Las Positas College’s interim president won’t be applying for the permanent position as the institution’s leader.
Roanna Bennie said she’d stay on until the new president takes the reins, but she chose not to apply for “carefully-considered personal and professional reasons.” She broke the news during a Sept. 4 campus meeting after the applications for the position had closed. Five finalists have since been selected.
Bennie began her career at Las Positas College in Livermore when she was selected for vice president of academic services in 2015. Two years later, when college President Barry A. Russell retired, she took over as interim president. Her contract has since been extended three times.
“Ms. Bennie had a good relationship with the faculty and when she became interim president, all of the campus staff recognized that she was the right choice to lead the college,” said Diane Brady, vice president of administrative services. “People especially appreciate her frequent and open communications with the campus; she fosters an inclusive environment where everyone’s voice can be heard.”
Bennie headed the college during a period of major changes to California’s community college system with new mandates from the state.
“The most disruptive of these was the imposition of a new method to determine funding for the colleges, which has disadvantaged colleges in the Bay Area particularly,” Brady said. “With each new challenge, Ms. Bennie has responded with a positive attitude, tackling each project head on. Las Positas College has become more successful in its goal of helping students succeed due to her leadership.”
The Chabot-Las Positas Community College District (CLPCCD) hopes to have a permanent president approved by the board before the end of the year so the new leader can start in January.
“Because the date of my departure is not defined yet, I do not have a clear professional path mapped out, and I am considering my options,” Bennie said. “On a personal note, there will certainly be more visits to my six grandchildren, and I may take up golf again, along with more gardening.”
Bennie pointed out her highlights as interim president, including having helped “build that sense of community and unity of purpose that LPC has been known for since its inception. During this time of unexpected leadership transition, we have pulled together as a campus community to increase enrollment, develop a facilities master plan, advance our practice of shared governance, respond admirably to state initiatives for student success, build new and long-lasting community partners, and plan toward the future with a new state funding model.”
After having contributed to the college’s success, Bennie will step down taking with her the gifts she gained through her work.
“The opportunity to serve the entire LPC campus community in our heartfelt efforts to serve students has been my deepest privilege,” she said. “It has stretched and strengthened my leadership skills and allowed me to build some enduring relationships.”
The five finalists for Las Positas College president are:
Dyrell Foster, Ed.D., is the vice president of student services at Moreno Valley College in Moreno Valley, Calif. Previously, Foster served as an administrator at Rio Hondo College, Mt. San Antonio College, Evergreen Valley College and San Jose State University. He earned a doctorate in education from the University of Southern California; a master of science in counseling from California State University, Long Beach and a bachelor of science in applied behavioral science from University of California, Davis.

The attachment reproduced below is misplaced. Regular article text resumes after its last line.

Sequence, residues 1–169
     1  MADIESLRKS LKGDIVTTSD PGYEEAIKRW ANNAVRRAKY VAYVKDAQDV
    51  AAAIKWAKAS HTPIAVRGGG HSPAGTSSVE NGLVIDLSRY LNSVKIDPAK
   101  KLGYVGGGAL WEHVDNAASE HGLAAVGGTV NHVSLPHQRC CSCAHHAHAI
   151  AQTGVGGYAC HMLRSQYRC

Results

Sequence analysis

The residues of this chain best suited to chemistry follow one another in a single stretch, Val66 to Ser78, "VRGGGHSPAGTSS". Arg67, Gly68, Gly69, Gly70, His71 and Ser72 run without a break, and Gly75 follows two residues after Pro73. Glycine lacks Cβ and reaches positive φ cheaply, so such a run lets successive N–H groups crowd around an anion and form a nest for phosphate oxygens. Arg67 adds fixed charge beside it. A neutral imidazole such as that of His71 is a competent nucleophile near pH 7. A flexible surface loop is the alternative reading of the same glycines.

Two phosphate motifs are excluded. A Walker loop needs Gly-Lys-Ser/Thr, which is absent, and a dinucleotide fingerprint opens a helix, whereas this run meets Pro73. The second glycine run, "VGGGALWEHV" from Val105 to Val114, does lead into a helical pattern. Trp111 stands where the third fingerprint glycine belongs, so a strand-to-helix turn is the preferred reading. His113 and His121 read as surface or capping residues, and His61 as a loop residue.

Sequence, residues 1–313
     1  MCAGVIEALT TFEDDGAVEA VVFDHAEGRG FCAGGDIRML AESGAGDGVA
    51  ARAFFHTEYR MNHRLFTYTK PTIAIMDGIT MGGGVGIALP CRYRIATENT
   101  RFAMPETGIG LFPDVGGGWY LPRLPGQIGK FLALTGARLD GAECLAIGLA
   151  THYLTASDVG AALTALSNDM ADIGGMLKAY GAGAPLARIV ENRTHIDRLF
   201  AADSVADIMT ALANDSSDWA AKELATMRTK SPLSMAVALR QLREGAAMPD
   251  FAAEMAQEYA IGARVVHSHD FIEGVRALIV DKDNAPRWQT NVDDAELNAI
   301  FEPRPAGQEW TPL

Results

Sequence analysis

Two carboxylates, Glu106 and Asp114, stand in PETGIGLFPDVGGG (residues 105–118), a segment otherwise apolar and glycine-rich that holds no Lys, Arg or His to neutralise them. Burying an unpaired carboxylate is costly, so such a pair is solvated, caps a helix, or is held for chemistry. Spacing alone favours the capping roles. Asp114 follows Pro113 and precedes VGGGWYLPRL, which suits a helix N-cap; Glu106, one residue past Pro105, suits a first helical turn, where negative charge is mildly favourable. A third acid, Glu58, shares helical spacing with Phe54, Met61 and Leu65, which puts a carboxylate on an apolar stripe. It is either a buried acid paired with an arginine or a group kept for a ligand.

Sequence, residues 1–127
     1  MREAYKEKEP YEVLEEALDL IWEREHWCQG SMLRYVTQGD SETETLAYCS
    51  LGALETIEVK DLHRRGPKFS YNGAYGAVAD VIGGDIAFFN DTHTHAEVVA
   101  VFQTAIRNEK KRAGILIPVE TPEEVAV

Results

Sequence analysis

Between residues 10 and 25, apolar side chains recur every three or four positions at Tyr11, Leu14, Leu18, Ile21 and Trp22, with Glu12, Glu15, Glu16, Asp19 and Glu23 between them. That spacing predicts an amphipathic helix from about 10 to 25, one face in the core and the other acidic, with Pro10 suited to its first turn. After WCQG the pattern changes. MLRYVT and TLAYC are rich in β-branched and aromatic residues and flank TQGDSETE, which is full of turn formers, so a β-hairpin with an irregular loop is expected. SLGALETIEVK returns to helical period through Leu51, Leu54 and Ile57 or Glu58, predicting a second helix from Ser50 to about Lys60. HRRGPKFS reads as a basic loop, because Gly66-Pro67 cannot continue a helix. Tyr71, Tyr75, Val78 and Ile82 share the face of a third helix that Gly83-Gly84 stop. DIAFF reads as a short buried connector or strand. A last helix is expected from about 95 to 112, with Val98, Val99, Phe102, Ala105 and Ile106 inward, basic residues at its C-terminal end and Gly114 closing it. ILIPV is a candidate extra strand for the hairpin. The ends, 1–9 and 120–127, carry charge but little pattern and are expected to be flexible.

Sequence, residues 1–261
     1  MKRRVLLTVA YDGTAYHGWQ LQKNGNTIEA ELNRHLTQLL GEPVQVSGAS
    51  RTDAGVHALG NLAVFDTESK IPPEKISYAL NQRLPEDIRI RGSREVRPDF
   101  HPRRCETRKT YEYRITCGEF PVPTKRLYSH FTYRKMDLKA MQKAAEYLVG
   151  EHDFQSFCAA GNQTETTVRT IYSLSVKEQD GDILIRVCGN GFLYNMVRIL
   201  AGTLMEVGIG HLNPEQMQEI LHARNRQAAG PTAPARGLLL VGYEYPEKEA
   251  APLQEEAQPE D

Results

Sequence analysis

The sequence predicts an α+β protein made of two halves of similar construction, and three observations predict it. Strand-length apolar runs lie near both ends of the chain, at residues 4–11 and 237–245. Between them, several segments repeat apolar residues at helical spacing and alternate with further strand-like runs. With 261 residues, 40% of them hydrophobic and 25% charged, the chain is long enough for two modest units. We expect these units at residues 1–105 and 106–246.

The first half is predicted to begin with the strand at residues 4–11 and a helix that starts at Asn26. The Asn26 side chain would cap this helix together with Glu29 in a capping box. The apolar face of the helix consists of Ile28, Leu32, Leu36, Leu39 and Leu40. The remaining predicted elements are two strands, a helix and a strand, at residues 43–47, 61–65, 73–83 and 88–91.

Marsha Gable, Ed.D., is the vice president of student services at Grossmont College in El Cajon, Calif. Previously, she was dean of counseling services at Cuyamaca College in El Cajon. Gable earned a doctorate in educational leadership with an emphasis in community college leadership from San Diego State University, and her master’s and bachelor’s degrees in social sciences and sociological practice from California State University, San Marcos.
Don Miller, Ph.D., is vice president of instruction at the College of Alameda and serves as vice president of the California Community Colleges Chief Instructional Officers organization. In the past he was the interim vice president of academic services, a dean of academic services for the division of arts and humanities and dean of learning communities at Las Positas College. Miller earned his doctorate in philosophy from the University of Virginia and a bachelor of arts degree in Spanish from Brigham Young University in Provo, Utah.
Katrina VanderWoude, Ed.D., is the president of Contra Costa College in San Pablo, Calif. Previously, she served as vice president of academic affairs at Grossmont College in El Cajon. VanderWoude earned her doctorate in educational leadership with an emphasis in higher education, organizational systems and development, and student affairs from Eastern Michigan University in Ypsilanti, Mich.
Tina Vasconcellos, Ph.D., is the vice president of student services and accreditation liaison officer at the College of Alameda in Alameda. She previously served as dean of academic and student affairs at Laney College and Merritt College in Oakland. Vasconcellos earned her doctorate in philosophy with a focus on community college leadership from Colorado State University in Fort Collins, Colo. She also has a master’s degree in counseling psychology with an emphasis in multicultural and holistic counseling from John F. Kennedy University in Pleasant Hill, Calif.
The five hopefuls took part in a public forum on Sept. 25 that gave each a chance to introduce themselves, followed by a question and answer session. People in the audience filled out feedback forms for the interim chancellor to review.
A video recording of the forum is expected to be available on Sept. 26.